Cooktop Cove: Grab some plastic wrap and then follow these 6 tips to cook the best chicken Parmesan
By Kate Elliott
Chicken Parmesan is one of those dishes that's on the menu of most restaurants. But depending on where you go, it can be one of the most forgettable or one of the most divine entrees you've ever tasted. This is because everyone has their own way of making chicken Parmesan, and some ways are better than others. In reality, few things can really muck up a good chicken Parm.
If you want to make this delectable Italian comfort dish at home, there's no reason why you shouldn't. It's easy enough to make in your own kitchen and certainly a lot cheaper than going out to an Italian restaurant to get the delicious entree. So when you want to do it, just make sure you follow these tips to avoid getting all bungled up in the whole chicken Parmesan debacle.
1. Pound it in plastic wrap
Chicken breasts need to be pounded before they can be turned into beautiful chicken Parmesan; there's really no way around it. Without pounding the chicken, it will be uneven, and one end of it will cook way faster than the other end -- not to mention that there'll be a huge hunk of chicken instead of the nice flat piece you want.
Before pounding those chicken breasts, lay them between sheets of plastic wrap. Not only will this prevent the mess from juices that can spurt out while you're pounding the meat, but it will also prevent the meat from sticking to the mallet, rolling pin or other device you use for flattening.
2. Season the breading
Of course, you also need to bread the chicken breasts before they can be turned into the classic Italian dish. A typical breading station includes flour for first dredging the breasts, an egg wash to dip the breasts in next, and then breading to coat the meat. During this step of making chicken Parmesan, the breading is the most important, as it's the most flavorful part of the process.
When creating your breading, season the bread crumbs with dried Italian seasoning such as basil, oregano, thyme and parsley. It's also essential to include the signature Parmesan cheese in the mix. Fresh is best, but if all you have is pre-grated, that will work, too.
3. Add buttermilk to the egg wash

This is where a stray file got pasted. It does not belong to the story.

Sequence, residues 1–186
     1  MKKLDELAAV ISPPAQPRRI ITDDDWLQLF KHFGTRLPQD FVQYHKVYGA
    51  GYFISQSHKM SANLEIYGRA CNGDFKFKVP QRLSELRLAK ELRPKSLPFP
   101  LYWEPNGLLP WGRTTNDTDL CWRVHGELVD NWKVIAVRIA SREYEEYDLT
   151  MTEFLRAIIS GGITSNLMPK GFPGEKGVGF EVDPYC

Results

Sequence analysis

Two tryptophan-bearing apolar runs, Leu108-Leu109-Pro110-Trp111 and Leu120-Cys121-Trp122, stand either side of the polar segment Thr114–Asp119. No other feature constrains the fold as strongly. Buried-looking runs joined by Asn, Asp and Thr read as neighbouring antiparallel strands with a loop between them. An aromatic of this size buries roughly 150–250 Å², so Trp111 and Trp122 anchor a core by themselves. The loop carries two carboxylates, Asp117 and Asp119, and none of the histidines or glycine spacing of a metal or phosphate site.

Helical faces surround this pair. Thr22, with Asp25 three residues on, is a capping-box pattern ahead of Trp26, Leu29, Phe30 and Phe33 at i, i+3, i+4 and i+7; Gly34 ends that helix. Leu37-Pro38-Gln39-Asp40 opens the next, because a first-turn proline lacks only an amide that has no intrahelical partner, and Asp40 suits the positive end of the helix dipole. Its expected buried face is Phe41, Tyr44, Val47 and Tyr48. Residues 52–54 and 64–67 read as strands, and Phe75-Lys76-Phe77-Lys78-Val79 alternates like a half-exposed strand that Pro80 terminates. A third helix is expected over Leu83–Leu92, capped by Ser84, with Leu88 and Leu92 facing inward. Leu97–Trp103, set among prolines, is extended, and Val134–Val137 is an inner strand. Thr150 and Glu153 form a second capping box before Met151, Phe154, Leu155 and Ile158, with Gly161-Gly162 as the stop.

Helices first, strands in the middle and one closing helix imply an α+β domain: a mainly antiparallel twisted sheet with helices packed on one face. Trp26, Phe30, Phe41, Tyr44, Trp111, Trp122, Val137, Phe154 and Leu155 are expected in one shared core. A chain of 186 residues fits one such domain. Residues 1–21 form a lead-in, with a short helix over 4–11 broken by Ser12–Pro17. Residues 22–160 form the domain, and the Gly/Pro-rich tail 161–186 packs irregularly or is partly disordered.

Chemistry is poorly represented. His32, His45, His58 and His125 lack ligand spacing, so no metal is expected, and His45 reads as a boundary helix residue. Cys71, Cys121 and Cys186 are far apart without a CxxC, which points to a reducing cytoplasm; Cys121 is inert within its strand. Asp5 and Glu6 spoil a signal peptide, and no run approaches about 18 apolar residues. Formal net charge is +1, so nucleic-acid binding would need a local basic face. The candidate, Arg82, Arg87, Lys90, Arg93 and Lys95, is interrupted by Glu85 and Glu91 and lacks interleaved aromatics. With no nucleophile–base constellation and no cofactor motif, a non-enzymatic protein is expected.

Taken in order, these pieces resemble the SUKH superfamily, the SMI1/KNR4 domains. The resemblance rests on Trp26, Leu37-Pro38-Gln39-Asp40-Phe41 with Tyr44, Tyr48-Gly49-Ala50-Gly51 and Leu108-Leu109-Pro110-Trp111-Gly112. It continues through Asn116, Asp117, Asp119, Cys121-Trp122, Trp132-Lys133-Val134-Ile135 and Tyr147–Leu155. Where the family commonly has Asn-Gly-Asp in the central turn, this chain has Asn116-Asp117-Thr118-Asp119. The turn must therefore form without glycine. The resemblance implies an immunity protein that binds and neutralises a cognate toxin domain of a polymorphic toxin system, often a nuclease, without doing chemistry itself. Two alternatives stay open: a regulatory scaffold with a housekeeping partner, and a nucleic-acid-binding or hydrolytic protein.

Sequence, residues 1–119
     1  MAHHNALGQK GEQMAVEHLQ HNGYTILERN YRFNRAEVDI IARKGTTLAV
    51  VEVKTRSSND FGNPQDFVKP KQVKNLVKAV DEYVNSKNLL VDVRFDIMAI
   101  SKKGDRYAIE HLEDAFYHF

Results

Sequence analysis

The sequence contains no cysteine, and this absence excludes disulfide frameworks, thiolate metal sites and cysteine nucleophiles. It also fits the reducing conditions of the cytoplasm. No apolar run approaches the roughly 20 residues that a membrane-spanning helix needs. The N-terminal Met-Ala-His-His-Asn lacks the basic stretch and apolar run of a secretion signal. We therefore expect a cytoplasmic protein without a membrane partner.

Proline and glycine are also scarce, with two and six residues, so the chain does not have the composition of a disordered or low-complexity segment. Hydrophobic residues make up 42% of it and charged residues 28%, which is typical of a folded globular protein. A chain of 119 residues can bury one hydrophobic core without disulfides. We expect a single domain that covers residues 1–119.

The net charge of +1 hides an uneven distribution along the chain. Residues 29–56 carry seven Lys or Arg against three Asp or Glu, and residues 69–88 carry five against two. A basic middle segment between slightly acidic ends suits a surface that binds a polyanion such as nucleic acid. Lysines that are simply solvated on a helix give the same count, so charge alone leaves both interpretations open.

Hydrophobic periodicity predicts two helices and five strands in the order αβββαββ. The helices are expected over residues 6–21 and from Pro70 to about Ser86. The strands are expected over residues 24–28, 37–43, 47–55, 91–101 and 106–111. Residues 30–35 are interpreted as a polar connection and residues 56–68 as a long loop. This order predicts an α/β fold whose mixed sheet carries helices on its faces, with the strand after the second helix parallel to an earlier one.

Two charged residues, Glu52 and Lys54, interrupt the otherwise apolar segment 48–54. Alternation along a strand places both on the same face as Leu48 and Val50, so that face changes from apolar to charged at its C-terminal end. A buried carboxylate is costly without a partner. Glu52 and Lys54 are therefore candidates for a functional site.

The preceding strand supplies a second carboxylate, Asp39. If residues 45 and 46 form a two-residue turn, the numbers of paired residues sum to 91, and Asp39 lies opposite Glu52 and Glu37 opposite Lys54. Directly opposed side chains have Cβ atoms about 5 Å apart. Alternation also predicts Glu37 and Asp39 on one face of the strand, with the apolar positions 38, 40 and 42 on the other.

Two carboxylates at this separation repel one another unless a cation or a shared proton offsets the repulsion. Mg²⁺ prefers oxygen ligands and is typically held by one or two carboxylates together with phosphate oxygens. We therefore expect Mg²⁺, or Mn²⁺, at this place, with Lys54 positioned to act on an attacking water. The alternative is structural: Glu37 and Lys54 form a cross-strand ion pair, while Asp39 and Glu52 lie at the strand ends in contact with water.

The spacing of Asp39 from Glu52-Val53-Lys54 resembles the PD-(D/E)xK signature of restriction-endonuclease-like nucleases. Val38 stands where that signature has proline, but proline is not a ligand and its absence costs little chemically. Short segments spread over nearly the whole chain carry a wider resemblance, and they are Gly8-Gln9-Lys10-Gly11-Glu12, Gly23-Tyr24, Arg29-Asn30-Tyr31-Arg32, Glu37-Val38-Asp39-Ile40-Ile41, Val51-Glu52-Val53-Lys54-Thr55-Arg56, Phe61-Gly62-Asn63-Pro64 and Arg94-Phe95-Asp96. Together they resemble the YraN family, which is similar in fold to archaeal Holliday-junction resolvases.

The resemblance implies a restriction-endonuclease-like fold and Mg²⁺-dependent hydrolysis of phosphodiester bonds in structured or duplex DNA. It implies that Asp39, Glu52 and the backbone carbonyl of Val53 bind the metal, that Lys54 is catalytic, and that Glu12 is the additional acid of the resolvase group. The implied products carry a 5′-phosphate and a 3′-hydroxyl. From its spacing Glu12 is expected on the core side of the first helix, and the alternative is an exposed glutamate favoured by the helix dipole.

While we're on the subject of the breading station, let's talk about that egg wash. You could use just a few eggs and a few tablespoons of water to make a perfectly good wash. But if you want to have super crispy, extra delicious chicken Parmesan, use buttermilk instead of water in the egg wash. It will make it thicker, giving those bread crumbs more to cling to and making it even crispier and yummier!
4. Fry the chicken
After breading the chicken, too many people merely stick it into a hot oven to roast. That's fine, and it will get the job done. But again, if it's the crispiest chicken you're after, there's no other way to go than to deep-fry it. There's something all that piping hot oil can deliver to the table that a simple bake just can't. Bring a deep fryer or a pot of oil to a temperature of about 375 degrees Fahrenheit. Add the chicken breasts, making sure you don't overcrowd the pot, and cook in batches if you need to. Fry for about 10 minutes, or until the chicken is cooked through, and then drain on paper towels. Any excess oil left on the breading will moisten it and make it soggy.
5. Top with mozzarella and Parmesan cheese
After frying, the chicken will need to be topped with cheese and popped into the oven so the cheese can melt. But while most people just pile the chicken high with mozzarella, it's important to include Parmesan cheese in the mix too. Remember, it is chicken Parmesan and while Parmesan cheese is already in the breading, you want it to really shine through. So, add a bit to the mozzarella cheese too, and no one will question what kind of dish you're serving.
6. Get the sauce just right
OK, so homemade sauce is going to taste the best, but sometimes you've gotta do what you've gotta do. Sometimes that means using jarred sauce, and it's perfectly alright to do so. The biggest mistake you can make is to spoon sauce only on top of the chicken breasts. Have you ever noticed that when you order chicken Parmesan from a restaurant, it's smothered and completely covered in sauce? That's hard to achieve when you're just putting a dollop of it on top of the meat. So, when preparing the chicken breasts for the oven, spread a thin layer of sauce out first, place the chicken on top, and then top them with more sauce and the cheese. Make sure you leave some of the chicken edges sticking out. After all, you want those crispy bits to give it texture.
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